N.J. Gov Race Tightening?
Although largely overshadowed both in Washington, D.C., and nationally by the Virginia gubernatorial race, the contest to pick a new governor in New Jersey is getting more interesting by the day.
Just three weeks before Election Day, a handful of recent polls show businessman Doug Forrester (R) gaining ground on Sen. Jon Corzine (D). Three surveys -- two conducted by independent firms and one by a Republican group - pegged Corzine's lead at six, seven and two points. This is down considerably from last month when surveys showed the Democrat holding a comfortable double-digit margin.
Strategists on both sides credit Forrester's upward momentum to an ad he is currently running featuring beloved former governor Tom Kean (R). "Like me he's his own man," Kean says of Forrester in the ad. "Doug Forrester is one of the most honorable men I have ever known." That reform-minded message appears to be resonating in a state known for political graft, which, of late, has come in the form of its Democratic politicians, including former governor Jim McGreevey (D).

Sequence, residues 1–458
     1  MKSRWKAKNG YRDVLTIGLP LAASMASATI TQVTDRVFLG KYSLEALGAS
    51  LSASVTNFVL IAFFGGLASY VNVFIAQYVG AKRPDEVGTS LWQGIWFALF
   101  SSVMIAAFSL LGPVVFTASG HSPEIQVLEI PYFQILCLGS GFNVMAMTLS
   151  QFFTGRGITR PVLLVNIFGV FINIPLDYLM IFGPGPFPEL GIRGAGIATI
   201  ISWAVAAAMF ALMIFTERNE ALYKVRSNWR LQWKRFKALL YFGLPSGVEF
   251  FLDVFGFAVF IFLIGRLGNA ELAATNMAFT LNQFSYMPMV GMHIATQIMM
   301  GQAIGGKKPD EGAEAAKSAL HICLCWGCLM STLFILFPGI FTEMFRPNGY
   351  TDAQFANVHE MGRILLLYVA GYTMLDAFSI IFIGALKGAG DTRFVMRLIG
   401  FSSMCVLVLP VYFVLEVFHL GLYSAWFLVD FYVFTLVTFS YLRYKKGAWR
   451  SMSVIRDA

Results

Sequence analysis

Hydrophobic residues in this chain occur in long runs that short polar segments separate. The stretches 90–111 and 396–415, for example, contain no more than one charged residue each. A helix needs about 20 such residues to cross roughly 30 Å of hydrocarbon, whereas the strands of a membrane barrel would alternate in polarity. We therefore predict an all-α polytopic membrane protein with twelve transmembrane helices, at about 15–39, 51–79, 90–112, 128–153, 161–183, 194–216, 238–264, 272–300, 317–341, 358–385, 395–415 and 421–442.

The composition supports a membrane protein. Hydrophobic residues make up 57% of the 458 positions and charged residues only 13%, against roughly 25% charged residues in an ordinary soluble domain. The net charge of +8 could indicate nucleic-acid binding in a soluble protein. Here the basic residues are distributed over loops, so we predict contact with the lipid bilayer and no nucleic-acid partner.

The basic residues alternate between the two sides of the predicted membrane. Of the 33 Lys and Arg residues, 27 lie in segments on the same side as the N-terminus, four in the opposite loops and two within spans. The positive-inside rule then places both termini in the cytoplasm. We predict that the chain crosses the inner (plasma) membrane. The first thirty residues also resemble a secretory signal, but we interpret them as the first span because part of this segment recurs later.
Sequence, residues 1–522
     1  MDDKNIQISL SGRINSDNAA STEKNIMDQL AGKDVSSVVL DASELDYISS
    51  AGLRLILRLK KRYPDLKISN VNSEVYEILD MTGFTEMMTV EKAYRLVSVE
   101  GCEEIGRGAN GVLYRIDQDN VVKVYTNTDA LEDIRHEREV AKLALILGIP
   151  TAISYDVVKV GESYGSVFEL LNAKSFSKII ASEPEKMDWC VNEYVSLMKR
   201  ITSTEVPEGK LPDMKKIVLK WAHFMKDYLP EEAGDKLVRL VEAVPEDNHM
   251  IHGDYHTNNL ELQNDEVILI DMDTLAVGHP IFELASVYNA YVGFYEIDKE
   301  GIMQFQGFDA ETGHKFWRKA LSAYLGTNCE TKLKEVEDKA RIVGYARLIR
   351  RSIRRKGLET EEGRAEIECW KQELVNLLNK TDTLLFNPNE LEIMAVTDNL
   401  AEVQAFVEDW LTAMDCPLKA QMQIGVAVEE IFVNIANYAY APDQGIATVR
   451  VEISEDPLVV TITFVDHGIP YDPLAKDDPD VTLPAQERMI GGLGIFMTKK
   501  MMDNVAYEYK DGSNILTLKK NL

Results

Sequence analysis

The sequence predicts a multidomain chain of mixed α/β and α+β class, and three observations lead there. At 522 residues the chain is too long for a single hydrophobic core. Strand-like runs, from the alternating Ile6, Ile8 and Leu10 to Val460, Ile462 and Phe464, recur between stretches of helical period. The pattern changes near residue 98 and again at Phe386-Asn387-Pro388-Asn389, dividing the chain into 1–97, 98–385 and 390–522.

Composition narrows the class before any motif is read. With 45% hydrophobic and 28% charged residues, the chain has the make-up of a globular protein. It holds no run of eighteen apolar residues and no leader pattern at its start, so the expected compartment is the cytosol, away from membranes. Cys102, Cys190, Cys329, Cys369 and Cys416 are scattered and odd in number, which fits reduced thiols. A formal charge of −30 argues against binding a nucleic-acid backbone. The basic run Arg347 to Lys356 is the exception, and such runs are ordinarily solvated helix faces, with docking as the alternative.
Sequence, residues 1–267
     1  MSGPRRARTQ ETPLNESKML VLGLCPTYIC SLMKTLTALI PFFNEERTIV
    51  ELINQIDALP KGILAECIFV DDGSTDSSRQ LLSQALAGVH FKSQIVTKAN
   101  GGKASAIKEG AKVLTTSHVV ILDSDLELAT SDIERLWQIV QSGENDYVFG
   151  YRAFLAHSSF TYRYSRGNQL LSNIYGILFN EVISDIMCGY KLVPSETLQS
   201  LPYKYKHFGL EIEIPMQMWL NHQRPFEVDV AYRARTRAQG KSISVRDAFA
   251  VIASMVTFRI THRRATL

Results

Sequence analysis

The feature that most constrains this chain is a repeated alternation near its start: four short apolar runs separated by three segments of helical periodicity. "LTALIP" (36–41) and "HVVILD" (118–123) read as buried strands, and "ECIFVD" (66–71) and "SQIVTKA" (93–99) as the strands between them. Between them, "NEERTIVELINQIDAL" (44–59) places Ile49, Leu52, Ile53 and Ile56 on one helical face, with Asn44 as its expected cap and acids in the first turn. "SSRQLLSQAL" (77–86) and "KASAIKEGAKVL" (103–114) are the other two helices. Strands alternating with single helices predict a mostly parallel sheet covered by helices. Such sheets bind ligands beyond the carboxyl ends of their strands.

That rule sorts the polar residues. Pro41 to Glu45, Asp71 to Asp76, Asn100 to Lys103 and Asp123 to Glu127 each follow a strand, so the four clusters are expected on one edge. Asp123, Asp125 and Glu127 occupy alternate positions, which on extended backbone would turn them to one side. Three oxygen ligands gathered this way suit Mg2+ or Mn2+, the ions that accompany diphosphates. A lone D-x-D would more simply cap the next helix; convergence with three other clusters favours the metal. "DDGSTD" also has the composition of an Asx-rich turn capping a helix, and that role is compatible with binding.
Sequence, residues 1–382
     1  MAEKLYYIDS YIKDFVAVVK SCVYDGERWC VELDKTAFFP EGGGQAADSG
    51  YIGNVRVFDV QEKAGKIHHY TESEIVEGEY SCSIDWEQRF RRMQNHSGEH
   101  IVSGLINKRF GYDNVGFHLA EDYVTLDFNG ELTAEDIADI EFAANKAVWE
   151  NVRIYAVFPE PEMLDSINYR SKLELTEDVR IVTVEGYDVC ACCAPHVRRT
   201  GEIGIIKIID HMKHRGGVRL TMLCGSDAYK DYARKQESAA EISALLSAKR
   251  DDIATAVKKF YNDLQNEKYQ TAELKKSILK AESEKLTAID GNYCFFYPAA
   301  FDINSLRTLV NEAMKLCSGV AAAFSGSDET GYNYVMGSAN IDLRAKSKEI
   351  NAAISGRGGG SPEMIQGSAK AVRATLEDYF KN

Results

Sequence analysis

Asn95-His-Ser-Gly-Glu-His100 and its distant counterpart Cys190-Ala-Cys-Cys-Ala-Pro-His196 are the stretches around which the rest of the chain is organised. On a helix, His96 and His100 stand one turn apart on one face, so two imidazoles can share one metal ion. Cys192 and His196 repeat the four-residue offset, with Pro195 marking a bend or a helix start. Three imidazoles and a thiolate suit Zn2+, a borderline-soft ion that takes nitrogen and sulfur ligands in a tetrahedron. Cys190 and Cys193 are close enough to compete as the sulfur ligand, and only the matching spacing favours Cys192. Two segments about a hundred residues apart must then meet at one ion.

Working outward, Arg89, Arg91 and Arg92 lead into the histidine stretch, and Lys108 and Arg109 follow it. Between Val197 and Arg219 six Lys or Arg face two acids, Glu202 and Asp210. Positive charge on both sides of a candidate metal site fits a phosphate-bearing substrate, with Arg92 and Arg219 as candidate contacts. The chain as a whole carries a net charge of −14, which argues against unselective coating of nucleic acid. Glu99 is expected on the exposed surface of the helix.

Democratic members of the state's U.S. House delegation, several of whom are angling to be appointed to the Senate by Corzine to fill his seat should he win the governorship next month, expressed confidence in a win for their party.
"We're not surprised," said 1st District Rep. Rob Andrews, one of four House members openly interested in being appointed by Corzine. "We thought the race would tighten because New Jersey is a much more competitive state than people think."
In the 2004 presidential election, Massachusetts Sen. John Kerry (D) won the Garden State by seven points despite some talk among Republicans that they might be able to eke out a win.
Twelfth District Rep. Rush Holt (D), who is also interested in a promotion to the Senate, said that he tends not to put too much stock in polls. "Three weeks ago there was a poll showing Corzine up 20 points," he said. "I didn't believe that one either."
The Forrester campaign is equally confident. A campaign spokeswoman told the Trenton Times, "We knew the race would tighten after Labor Day when voters began to compare Doug's 30-in-3 plan for real property tax relief with Corzine's warmed-over rebate scheme."
The race's final 21 days are likely to be defined by heavy spending on both sides. Corzine and Forrester both have significant personal wealth and have not hesitated to dip into their fortunes to fund their respective races. Roughly $30 million had been spent by the two men as of late last week.
Andrews said the Corzine campaign "has done a good job of defining Forrester. As long as it is a choice between two men and not a referendum on change we will win."
October 17, 2005; 8:15 AM ET
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